Share this article on:

Physical Activity in US Youth: Effect of Race/Ethnicity, Age, Gender, and Weight Status


Medicine & Science in Sports & Exercise: December 2010 - Volume 42 - Issue 12 - p 2211-2221
doi: 10.1249/MSS.0b013e3181e1fba9
Basic Sciences

Purpose: To describe physical activity (PA) levels by race/ethnicity, age, gender, and weight status in a representative sample of US youth.

Methods: Cross-sectional data from the 2003-2004 and 2005-2006 National Health and Nutrition Examination Survey were combined and analyzed. Youth aged 6-19 yr with at least four 10-h days of PA measured by accelerometry were included (n = 3106). Outcomes included mean counts per minute and minutes spent in moderate-to-vigorous PA (MVPA).

Results: Among the groups, the 6- to 11-yr-olds spent more time (88 min·d−1) in MVPA than the 12- to 15-yr-olds (33 min·d−1) and 16- to 19-yr-olds (26 min·d−1; P < 0.001 for both). Females spent fewer minutes per day in MVPA than males (P < 0.001). Overall, obese youth spent 16 fewer minutes per day in MVPA than normal-weight youth. However, non-Hispanic white males spent three to four fewer minutes per day in vigorous PA than Mexican American (MA; P = 0.004) and non-Hispanic black (P < 0.001) males but had lower obesity rates and obese 12- to 15-yr-old MA recorded similar minutes in MVPA per day as normal-weight MA (P > 0.050). There was a significant three-way age-body mass index-race/ethnicity interaction for mean minutes per day in MVPA (P < 0.001). Adjustment for total energy intake did not qualitatively alter these results.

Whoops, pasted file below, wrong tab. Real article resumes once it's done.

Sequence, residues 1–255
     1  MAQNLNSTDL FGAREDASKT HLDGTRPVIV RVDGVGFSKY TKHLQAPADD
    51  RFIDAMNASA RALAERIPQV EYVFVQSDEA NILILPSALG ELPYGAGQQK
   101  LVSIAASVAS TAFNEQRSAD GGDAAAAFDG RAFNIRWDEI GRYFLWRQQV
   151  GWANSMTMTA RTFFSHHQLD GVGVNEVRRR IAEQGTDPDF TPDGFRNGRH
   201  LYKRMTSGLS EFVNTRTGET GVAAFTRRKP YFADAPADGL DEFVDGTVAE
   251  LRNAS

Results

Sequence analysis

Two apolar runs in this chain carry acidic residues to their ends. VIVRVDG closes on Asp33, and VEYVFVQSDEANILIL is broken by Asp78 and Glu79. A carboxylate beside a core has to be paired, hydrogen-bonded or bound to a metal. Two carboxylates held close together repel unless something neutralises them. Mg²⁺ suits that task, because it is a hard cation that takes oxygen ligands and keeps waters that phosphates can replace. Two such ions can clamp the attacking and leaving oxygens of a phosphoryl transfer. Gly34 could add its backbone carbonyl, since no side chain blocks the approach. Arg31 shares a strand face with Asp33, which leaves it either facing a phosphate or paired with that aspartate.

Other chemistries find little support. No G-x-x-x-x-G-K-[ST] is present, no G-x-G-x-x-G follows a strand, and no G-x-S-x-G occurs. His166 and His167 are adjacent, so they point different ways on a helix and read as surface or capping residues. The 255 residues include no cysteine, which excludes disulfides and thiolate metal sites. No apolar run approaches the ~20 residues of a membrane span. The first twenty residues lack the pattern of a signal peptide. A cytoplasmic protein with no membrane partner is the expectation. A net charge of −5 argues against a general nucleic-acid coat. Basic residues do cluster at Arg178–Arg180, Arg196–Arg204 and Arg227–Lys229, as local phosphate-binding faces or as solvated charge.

Conclusions: Females and older youth were the least active groups. Obese youth were generally less active, but this did not hold uniformly across race/ethnic groups. Cultural or biological factors could moderate the association between PA and obesity in youth.

1Department of Preventive Medicine, Keck School of Medicine, University of Southern California, Los Angeles, CA; and 2National Cancer Institute, National Institutes of Health, Bethesda, MD

Address for correspondence: Donna Spruijt-Metz, Ph.D., Institute of Health Promotion and Disease Prevention, University of Southern California, 1000 S. Fremont, Unit #8, Room 4101, Alhambra, CA 91803; E-mail:

Submitted for publication September 2009.

Accepted for publication April 2010.

©2010The American College of Sports Medicine